Round the web

There’s some good stuff out there on the ol’ internet to read this week.

First, Dick Cavett has a nice piece on the forgotten art of the insult, that is, the forgotten art of the clever insult.

I haven’t ever found any great writing on that wonderful and often unappreciated art form, the insult.

There are two kinds of insult. “I was bored by your book” is one kind. “Your book? Once I put it down, I couldn’t pick it up,” is the other.

The insult is, along with the apology and the question, one of the fast-disappearing parts of our discourse. A proper insult is a form of social engagement- it takes wit, thought, energy and a degree of interest in your subject. Today, hostility is usually expressed in either simple invective- terms of hatred that could apply to anyone. “Fuck you” is not a proper insult, as it is not tailor made for the recipient. (The exception is to be found in the denoument to the “clown joke.”) Fortunately, orchestra musicians tend to excel at the art of the insult- in my experience, British professional orchestra musicians are among the most creative and witty masters of the insult in the world.

That the apology is becoming rarer than even a good insult. I could hardly hide my surprise the other day when a player apologized in advance for having to miss a rehearsal for a funeral the other day- not even everyone bothers to tell a conductor of an absence in advance anymore. When I was wee, we were taught to ASK if it was okay to miss, even if it was a completely non-negotiable situation. “I’m afraid I am scheduled to have open-heart surgery that conflicts with a rehearsal for this concert- is it okay if I miss the rehearsal for my surgery, and would you still consider allowing me to play the concert,” is the way I was taught to do it. I have had players ask almost identical questions, but I also get simply told “I’m missing rehearsal next week because I’m busy.” Anyway, I sound like an old fart, but when a train is cancelled, or the whatsit I just ordered on line is no longer available even though the website lists it as in-stock, I kind of expect an apology from an actual person (not the recording the train companies use, which is worse than  nothing).

Also on line today is an excellent piece on Mendelssohn from blogger Jessica Duchen in the Indy. Jessica has been designated as the official blogger of the Mendelssohn anniversary year by the BBC, and this article is a good sign. I have no idea if the hypothesis that FM may have offed himself after being rejected by Jenny Lind, but I’m not suprised his private life may not have been the simplistic study in happiness that previous writers have sometimes depicted because I know a good bit of his music fairly well….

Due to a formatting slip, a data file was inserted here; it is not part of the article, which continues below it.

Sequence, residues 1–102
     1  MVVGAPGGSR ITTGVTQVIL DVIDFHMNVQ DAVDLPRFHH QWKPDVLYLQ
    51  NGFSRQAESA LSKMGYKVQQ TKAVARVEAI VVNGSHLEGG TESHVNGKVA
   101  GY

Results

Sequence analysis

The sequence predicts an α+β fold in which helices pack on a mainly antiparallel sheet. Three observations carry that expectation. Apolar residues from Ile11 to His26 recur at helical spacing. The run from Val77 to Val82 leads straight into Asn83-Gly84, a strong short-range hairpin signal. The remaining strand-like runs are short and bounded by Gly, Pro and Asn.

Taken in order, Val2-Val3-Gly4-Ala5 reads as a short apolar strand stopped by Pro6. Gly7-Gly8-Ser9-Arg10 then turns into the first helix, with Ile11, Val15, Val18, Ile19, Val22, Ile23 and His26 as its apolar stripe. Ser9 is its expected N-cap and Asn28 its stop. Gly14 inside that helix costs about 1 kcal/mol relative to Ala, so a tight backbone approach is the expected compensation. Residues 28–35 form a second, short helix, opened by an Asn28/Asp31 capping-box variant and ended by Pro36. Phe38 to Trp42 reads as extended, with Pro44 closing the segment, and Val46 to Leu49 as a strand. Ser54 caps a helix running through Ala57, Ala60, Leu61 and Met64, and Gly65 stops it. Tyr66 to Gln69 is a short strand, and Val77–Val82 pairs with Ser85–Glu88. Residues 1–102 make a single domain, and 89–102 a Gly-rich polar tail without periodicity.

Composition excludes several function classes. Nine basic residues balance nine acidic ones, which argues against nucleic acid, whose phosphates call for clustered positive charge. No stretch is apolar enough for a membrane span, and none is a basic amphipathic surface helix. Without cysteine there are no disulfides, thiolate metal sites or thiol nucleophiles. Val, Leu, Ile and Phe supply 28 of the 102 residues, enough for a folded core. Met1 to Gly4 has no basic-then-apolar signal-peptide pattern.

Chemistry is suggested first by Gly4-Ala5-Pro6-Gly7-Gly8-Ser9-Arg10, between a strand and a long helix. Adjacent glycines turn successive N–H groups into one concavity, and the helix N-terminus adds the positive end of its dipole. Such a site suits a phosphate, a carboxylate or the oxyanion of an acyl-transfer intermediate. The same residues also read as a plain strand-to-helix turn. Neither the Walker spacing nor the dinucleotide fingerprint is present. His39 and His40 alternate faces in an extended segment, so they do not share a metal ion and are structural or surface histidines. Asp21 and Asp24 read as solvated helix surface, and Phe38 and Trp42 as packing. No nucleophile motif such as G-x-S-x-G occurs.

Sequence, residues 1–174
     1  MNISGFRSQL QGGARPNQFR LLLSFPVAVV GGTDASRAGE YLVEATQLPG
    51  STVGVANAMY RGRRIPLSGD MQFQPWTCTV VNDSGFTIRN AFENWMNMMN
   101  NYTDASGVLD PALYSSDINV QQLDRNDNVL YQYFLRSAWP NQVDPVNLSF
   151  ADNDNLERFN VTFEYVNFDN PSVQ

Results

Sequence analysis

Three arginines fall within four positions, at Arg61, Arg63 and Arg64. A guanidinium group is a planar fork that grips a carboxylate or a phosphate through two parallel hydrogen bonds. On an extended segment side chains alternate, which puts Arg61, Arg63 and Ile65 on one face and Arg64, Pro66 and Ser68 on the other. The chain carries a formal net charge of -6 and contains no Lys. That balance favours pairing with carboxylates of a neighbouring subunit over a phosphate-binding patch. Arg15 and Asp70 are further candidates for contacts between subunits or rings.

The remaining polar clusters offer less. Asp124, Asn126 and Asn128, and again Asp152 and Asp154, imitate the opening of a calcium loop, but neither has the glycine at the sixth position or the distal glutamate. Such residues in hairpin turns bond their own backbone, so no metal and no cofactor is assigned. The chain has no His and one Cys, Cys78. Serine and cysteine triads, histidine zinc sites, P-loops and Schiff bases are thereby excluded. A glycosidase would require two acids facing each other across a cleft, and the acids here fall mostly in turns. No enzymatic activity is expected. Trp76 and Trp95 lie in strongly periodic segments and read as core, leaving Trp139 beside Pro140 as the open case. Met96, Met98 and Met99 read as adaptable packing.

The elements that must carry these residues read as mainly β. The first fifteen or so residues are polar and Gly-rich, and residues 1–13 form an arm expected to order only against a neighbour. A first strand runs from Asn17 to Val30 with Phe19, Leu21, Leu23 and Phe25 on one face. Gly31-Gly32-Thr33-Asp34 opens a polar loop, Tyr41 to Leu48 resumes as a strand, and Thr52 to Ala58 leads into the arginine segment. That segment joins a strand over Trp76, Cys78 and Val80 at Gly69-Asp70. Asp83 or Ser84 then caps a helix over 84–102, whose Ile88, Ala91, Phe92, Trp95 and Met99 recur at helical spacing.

I’ve written before about my general feelings for Mendelssohn, in this post called Felix Rocks, which more or less sums up my outlook to Mendelssohn. How anyone could listen to the A minor quartet (probably my favorite Mendelssohn piece) and recognize that this was not only a precious talent, but a great soul- one of the few composers who has ever been able to understand the world of Beethoven’s late quartets? How can you not see the passion and tragedy in the Hebrides Overture- that’s not happy music, not one-dimensional music. It’s high tragedy.

I like, even love, Wagner’s music, but he committed countless wrongs against other composers- he discovered early on he could build his own reputation by destroying those of his peers and predecessors. His two most consistent targets were Schumann (who he stole a great deal from) and Mendelssohn (whose talent he was deeply, deeply envious of). What is sad is that his talking points against these two composers are still getting repeated. Wagner tried his dirty tricks on Brahms, but Brahms was smart enough to cultivate his own friends in the press. Anyone who tells me that Mendelssohn was somehow “facile but one-dimensional,” is likely to get a properly constructed insult unless they construct a proper apology…

BTW- check out the obit of Betty Freeman at the Indy. It’s a great example of how one person can put a bit of old money to very good use and change the world in the process. Where would music be without her and Mrs Elizabeth Sprague Coolidge

c. 2009

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About the author

American conductor, composer and cellist Kenneth Woods is Principal Conductor of the English Symphony Orchestra, Artistic Director of the Colorado MahlerFest and cellist of the string trio Ensemble Epomeo. He records for the Avie, Somm, Nimbus, Signum, MSR and Toccata labels.

Learn about Kenneth at www.kennethwoods.net

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